Asian Markets Fall Sharply, Japan Sinks 2.3%

Asian markets fell to a two-year low Tuesday, led by exporter shares, on fears the U.S. government will have to bail out the top mortgage finance companies, further destabilizing the financial sector.

Wall Street tumbled and shares of Fannie Mae and Freddie Mac fell to the lowest in nearly 20 years after an article in Barron's said a
government bailout could wipe out existing holders of the two companies' common
stock with other asset holders also suffering losses.

The news seemingly put the bottom in the worst housing crisis since the Great Depression further out of reach, and confounded those expecting a U.S. recovery, at a time when the euro zone and Japanese economies are shrinking and could be lumbering toward recession.

Worries about the global economy bolstered government bond prices, while the dollar was largely steady -- taking a break from its sharp gains over the past two weeks.

Oil prices settled lower in New York as fears over a storm in the gulf of Mexico eased, while the U.S. dollar paused after its 11-day climb as lower stock markets and commodity prices weighed. Crude is currently trading below the $112 a barrel level in Asian trade.

Japan's Nikkei 225 Average sank 2.3 percent to a one-month low, led down by exporters and banks after investors were hit again by recurring fears that U.S.
financial woes are far from over. Top lender Mitsubishi UFJ Financial fell 1.8 percent after
the bank sweetened its bid for full control of California bank UnionBanCal Corp by 17 percent to $3.5 billion.

Seoul shares tumbled 1.68 percent with renewed economic and credit worries sending exporters and financials lower, while STX Group units fell across the board on concerns about the group's liquidity.

Australian shares fell 2.4 percent, with financial firms declining on concerns about the health of their global peers, while weak metals prices weighed down on the miners. Investment and advisory firm Babcock & Brown, tumbled 24 percent on market talk that its chief executive would resign following recent sharp fall in it share price.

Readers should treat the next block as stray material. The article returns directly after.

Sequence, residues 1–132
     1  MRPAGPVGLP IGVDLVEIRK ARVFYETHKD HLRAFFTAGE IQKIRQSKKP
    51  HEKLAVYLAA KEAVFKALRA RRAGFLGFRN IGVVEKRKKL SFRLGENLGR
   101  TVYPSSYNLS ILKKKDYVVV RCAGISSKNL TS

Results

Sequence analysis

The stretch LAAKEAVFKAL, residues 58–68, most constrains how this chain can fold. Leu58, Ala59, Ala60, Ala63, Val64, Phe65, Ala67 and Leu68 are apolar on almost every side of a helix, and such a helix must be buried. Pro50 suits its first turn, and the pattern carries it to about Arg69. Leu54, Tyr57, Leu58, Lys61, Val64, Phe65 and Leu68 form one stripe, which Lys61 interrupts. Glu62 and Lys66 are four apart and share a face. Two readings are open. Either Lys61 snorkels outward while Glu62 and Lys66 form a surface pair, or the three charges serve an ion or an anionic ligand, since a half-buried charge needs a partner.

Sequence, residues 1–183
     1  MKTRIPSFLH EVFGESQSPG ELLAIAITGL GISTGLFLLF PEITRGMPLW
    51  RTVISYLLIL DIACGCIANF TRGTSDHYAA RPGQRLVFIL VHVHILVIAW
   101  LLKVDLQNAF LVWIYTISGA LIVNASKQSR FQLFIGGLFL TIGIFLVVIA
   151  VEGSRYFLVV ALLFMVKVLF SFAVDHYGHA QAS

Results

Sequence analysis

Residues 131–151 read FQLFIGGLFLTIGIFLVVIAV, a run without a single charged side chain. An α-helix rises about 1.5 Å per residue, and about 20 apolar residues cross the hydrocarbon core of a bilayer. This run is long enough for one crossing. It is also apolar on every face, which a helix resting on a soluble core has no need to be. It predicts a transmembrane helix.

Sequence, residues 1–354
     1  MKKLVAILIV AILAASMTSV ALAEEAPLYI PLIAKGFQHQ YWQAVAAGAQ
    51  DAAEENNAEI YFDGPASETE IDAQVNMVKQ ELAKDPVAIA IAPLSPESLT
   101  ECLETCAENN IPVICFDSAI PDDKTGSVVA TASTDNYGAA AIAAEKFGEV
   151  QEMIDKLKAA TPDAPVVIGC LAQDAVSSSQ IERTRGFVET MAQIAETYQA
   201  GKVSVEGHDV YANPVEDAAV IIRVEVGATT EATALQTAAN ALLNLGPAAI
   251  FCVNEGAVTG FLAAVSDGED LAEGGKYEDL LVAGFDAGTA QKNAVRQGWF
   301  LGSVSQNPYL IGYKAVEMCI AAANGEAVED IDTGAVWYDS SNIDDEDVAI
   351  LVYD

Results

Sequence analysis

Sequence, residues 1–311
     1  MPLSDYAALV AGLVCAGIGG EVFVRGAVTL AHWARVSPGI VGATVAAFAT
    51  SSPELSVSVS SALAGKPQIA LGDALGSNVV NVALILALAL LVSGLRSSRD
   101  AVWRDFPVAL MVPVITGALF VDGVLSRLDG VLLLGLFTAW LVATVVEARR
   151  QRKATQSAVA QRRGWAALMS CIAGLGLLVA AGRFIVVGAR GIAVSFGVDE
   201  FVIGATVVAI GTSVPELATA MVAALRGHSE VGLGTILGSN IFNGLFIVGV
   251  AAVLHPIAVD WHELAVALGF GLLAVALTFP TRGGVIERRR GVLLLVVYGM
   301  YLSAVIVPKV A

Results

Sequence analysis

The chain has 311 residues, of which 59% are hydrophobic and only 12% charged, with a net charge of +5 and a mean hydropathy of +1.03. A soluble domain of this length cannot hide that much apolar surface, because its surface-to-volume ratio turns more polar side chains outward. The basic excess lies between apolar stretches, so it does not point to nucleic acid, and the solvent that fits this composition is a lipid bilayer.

Hong Kong shares fell 2.1 percent, weighed down by losses in property stocks ahead of key earnings, but power stocks rallied on hopes of another round of tariff increases in China after the Olympics. Property shares extended Monday's losses as investors locked in gains on real estate developers ahead of Cheung Kong Holdings' first-half earnings on Thursday. A lower contribution from sister company Hutchison Whampoa and limited property development profits should send Cheung Kong's net profit down about 67 percent to HK$6.1 billion, according to the forecasts of four analysts polled by Reuters.

Singapore's Straits Times Index dropped 1.7 percent, with selling across the board. Banks such as DBS Group, were leading the decline.

Gains in financial stocks helped the Shanghai Composite Index rise 1.1 percent, after a 5.3 percent plunge Monday. In one positive sign, China South Locomotive stayed firm after a sharp rise during Monday's debut. But turnover remained very thin and analysts said that given concern about slowing economic and corporate profit growth, the market risked resuming its downtrend after a consolidation period.